Different Versions of a Life, All Lived‘Life After Life,’ a Novel by Kate Atkinson
By JANET MASLIN
Published: March 25, 2013
In the midst of a secret love affair, Ursula Todd discovers that she is an excellent liar. The same can be said admiringly of Kate Atkinson, whose latest novel, “Life After Life,” is her very best. Ms. Atkinson’s wide-ranging body of work includes several novels that resemble mysteries, but she has never had the narrowly deductive mind to suit that genre. “Life After Life” is a big book that defies logic, chronology and even history in ways that underscore its author’s fully untethered imagination.
Ursula is the main character in “Life After Life,” but she appears in different, contradictory versions of similar events. She also seems to die at many different times during the book, only to reappear unscathed, as if mortal danger were only a trick of the mind. “Life After Life” is full of mind games, but they are purposeful rather than emptily playful. For Ursula the past and the present become intertwined in a way that is “nightmarish, as if her inner dark landscape had become manifest.” This is not mumbo-jumbo. It’s not horror, either. It’s more like a narrative multiverse, in which different versions of Ursula’s life compete for the reader’s attention and keep a conventionally one-note story well out of reach. True, it can be frustrating to be deep in the midst of one of Ms. Atkinson’s plot threads, only to have her abandon it and switch to something else. But unlike some of her more random-seeming books, like the 2011 “Started Early, Took My Dog,” this one connects its loose ends with facile but welcome clarity.
On Feb. 11, 1910, Ursula is born, strangled by her umbilical cord. “Little lungs, like dragonfly wings failing to inflate in the foreign atmosphere,” Ms. Atkinson writes of the birth. “No wind in the strangled pipe. The buzzing of a thousand bees in the tiny curled pearl of an ear.”
It is a snowy night, and the whole book hinges on whether a doctor will get to the Todd house in time to negate this version of Ursula’s life story. Although she is saved, the snow becomes a recurring motif for Ms. Atkinson’s repeated blurring of the line between life and death.
Even without the sleight of hand, “Life After Life” would be an exceptionally captivating book with an engaging cast of characters. There is Ursula’s doting father, Hugh, who calls her Little Bear and refers to his study as “the growlery.” There is Sylvie, her aristocratic mother, who becomes more bitter over time; this could be connected to Ursula’s having once seen Sylvie emerging from a hotel with a man other than Hugh. There is Teddy, the beloved brother who always wants to know whether there was cake at a party, and snobbish Maurice, the only loathed sibling in the family. There is Pamela, Ursula’s sister and helpmate, who writes archly about Hitler in 1933: “He likes women, children, dogs, really what can you fault? It’s just a shame he’s a dictator with no respect for the law or common humanity.”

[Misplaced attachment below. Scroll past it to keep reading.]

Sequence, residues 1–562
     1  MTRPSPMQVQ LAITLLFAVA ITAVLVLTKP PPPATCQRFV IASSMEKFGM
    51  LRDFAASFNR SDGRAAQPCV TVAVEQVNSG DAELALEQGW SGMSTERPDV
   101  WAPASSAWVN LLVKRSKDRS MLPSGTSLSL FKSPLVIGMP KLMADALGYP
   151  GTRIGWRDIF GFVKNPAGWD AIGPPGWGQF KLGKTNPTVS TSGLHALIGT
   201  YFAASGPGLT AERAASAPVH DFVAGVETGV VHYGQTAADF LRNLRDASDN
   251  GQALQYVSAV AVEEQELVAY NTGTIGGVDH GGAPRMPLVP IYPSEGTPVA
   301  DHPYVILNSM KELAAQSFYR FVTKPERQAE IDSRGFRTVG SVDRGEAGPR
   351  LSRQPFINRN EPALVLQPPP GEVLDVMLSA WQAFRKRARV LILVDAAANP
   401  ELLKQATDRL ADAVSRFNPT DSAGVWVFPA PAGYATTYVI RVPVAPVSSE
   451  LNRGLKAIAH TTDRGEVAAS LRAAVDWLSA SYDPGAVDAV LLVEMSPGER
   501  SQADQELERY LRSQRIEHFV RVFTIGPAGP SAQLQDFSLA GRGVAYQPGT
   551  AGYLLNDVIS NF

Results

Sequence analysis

In a far-fetched but necessary plotline (and a needlessly conventional prologue), Ursula either will or will not be close enough to the Führer to aim a gun at him. But she has so many alternative lives to get through before reaching that juncture. She has a sexual experience on her 16th birthday, and at first it is a rape resulting in pregnancy. Later on, the same birthday involves Ursula in different liaisons, cruel or romantic, with very different teenage boys, and the course of her future hangs in the balance.
In one iteration of the plot, she is shamed enough to do penance by marrying a terribly abusive schoolteacher. When he disapproves of the egg Ursula makes him for breakfast (“a sickly jellyfish deposited on toast to die”), he drops it on her head, then violently beats her.
“Life After Life” is ultimately centered on the brutal British experience of World War II, with characters caught in the blitz and Ursula joining a rescue unit for injured civilians. As powerful as the rest of “Life After Life” is, its lengthy evocation of this nightmare is gutsy and deeply disturbing, just as the author intends it to be.
Nowhere is safe: she describes a man “killed by shrapnel from the ack-acks in Hyde Park.” Mortuaries try to match up body parts “like macabre jigsaws.” One of Ursula’s early missions involves trying to save a basement full of people who are being drowned in sewage. And unlike most of the events in this novel, these gruesome scenes have no alternative versions.
Wartime also inspires one of Ursula’s brothers to want to write about the human condition. “A writer?” their mother says. “I fear the hand of the evil fairy rocked his cradle.” On the evidence of this book, Ms. Atkinson can afford to joke about that. Her own writerly cradle was rocked by a very sure hand indeed.